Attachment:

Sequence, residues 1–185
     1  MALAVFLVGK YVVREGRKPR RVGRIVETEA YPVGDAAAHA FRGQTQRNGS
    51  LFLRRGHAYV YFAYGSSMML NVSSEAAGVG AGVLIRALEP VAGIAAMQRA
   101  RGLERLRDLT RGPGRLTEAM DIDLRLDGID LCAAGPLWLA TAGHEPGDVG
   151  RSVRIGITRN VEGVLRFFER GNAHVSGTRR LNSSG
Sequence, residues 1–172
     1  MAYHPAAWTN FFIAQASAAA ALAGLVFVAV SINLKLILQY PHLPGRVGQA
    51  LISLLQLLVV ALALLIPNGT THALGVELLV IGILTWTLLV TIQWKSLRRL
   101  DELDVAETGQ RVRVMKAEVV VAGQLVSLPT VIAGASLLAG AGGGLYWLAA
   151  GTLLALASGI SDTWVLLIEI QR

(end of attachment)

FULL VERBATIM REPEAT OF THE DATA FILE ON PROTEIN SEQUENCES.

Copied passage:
Sequence, residues 1–185
     1  MALAVFLVGK YVVREGRKPR RVGRIVETEA YPVGDAAAHA FRGQTQRNGS
    51  LFLRRGHAYV YFAYGSSMML NVSSEAAGVG AGVLIRALEP VAGIAAMQRA
   101  RGLERLRDLT RGPGRLTEAM DIDLRLDGID LCAAGPLWLA TAGHEPGDVG
   151  RSVRIGITRN VEGVLRFFER GNAHVSGTRR LNSSG
Sequence, residues 1–172
     1  MAYHPAAWTN FFIAQASAAA ALAGLVFVAV SINLKLILQY PHLPGRVGQA
    51  LISLLQLLVV ALALLIPNGT THALGVELLV IGILTWTLLV TIQWKSLRRL
   101  DELDVAETGQ RVRVMKAEVV VAGQLVSLPT VIAGASLLAG AGGGLYWLAA
   151  GTLLALASGI SDTWVLLIEI QR